HomeWinBuzzer NewsWindows Updates Introduce Driver Preventing Browser Switch Without Permission

Windows Updates Introduce Driver Preventing Browser Switch Without Permission

Microsoft blocks third-party apps and manual changes to default browser in Windows 10/11 via a new driver.

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has implemented a new security measure through a Windows driver, aimed at preventing unauthorized changes to the default browser settings in and . The driver, part of the February updates (KB5034763 for Windows 10 and KB5034765 for Windows 11), restricts users from manually changing the default browser or doing so through third-party software. IT consultant Christoph Kolbicz discovered this change when his tools, designed for adjusting default program settings, ceased functioning.

Technical Insights and User Impacts

The driver, known as the User Choice Protection Driver (UCPD.sys), specifically targets the Registry keys associated with HTTP, HTTPS URL associations, and the .PDF file association. These keys are crucial for setting default programs for web browsing and viewing PDF files. Previously, users could manipulate these settings through the Registry or third-party tools. However, with the introduction of UCPD.sys, any attempt to modify these settings outside the designated Windows interface results in an error. Despite this, Kolbicz outlines a method to disable the driver via the Registry, though this action requires administrative rights and a system reboot. Additionally, a scheduled task named ‘UCPD velocity' may reactivate the service if disabled, necessitating the deletion or disabling of this task for a permanent solution.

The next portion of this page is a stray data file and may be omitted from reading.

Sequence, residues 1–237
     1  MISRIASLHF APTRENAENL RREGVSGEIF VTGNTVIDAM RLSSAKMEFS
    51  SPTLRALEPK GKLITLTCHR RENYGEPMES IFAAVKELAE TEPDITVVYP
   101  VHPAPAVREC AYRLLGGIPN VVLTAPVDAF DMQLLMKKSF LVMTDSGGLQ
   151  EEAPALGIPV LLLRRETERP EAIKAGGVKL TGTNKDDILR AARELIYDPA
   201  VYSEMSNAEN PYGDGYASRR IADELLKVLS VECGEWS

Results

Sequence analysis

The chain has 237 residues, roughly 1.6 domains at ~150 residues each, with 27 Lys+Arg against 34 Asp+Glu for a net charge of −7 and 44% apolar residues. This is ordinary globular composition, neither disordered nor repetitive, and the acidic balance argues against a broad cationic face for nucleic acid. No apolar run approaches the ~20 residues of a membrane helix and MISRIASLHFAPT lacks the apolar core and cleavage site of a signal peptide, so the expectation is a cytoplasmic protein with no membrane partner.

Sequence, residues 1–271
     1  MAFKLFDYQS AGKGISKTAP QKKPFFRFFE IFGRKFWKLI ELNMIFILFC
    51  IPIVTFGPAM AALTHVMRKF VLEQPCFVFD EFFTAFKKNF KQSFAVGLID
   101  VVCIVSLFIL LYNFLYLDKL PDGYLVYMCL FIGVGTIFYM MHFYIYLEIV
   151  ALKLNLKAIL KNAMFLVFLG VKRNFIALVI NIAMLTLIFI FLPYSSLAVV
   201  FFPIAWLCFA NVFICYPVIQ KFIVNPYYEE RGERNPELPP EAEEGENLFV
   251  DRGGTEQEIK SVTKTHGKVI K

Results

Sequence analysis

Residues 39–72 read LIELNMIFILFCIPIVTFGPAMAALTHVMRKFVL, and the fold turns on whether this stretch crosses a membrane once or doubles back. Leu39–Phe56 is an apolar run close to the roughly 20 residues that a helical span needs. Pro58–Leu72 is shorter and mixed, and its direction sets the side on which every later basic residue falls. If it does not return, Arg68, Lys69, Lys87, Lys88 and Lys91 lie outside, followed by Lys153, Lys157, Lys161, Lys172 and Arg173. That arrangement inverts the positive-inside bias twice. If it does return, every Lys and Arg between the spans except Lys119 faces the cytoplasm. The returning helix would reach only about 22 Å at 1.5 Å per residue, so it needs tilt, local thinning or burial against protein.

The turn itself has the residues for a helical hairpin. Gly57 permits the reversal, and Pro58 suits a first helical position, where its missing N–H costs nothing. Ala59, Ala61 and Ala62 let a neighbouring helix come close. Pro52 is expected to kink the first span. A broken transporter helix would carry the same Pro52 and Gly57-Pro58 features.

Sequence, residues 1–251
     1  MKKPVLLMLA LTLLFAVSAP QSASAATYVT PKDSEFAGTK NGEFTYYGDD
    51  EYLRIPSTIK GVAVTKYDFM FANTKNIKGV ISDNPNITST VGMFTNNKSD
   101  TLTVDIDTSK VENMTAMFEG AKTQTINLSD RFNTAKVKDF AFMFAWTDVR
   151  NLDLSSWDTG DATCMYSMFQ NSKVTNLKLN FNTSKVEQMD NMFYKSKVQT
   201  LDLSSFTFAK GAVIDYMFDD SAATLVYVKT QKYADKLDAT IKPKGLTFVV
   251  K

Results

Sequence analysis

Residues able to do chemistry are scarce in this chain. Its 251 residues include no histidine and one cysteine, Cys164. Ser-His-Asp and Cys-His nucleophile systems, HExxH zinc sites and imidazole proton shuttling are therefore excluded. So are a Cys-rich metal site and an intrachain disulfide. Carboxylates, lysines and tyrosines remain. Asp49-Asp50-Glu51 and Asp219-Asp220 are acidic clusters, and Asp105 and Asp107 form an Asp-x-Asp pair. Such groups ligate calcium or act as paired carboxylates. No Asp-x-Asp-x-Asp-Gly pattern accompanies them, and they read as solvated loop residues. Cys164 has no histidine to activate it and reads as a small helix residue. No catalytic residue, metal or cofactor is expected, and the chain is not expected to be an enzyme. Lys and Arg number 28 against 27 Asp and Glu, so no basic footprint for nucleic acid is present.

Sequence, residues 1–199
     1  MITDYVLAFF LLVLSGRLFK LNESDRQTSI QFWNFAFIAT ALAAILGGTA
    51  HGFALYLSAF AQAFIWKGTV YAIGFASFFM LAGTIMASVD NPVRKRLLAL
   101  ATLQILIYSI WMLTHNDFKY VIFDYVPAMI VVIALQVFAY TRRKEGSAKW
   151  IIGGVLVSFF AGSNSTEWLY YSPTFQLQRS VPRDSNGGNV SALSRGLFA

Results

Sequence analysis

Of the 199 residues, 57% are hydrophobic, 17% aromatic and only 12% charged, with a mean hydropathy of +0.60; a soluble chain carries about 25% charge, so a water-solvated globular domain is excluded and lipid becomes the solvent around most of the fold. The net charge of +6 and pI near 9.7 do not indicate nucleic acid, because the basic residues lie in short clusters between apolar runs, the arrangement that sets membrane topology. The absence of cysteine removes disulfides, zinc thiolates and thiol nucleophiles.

Regulatory Compliance and Future Implications

The introduction of the User Choice Protection Driver might be in response to regulatory requirements, such as the Digital Markets Act (DMA) in Europe, which mandates fair competition and prevents anti-competitive practices by major . Microsoft announced changes to comply with the DMA, including policies to respect users' default browser choices in the European Economic Area (EEA). However, the deployment of this driver in regions outside the EEA, such as the USA, raises questions about its intended purpose. Microsoft has yet to provide detailed comments on the matter, leaving room for speculation about the broader implications of this security measure on user autonomy and software interoperability in Windows operating systems.

Luke Jones
Luke Jones
Luke has been writing about all things tech for more than five years. He is following Microsoft closely to bring you the latest news about Windows, Office, Azure, Skype, HoloLens and all the rest of their products.

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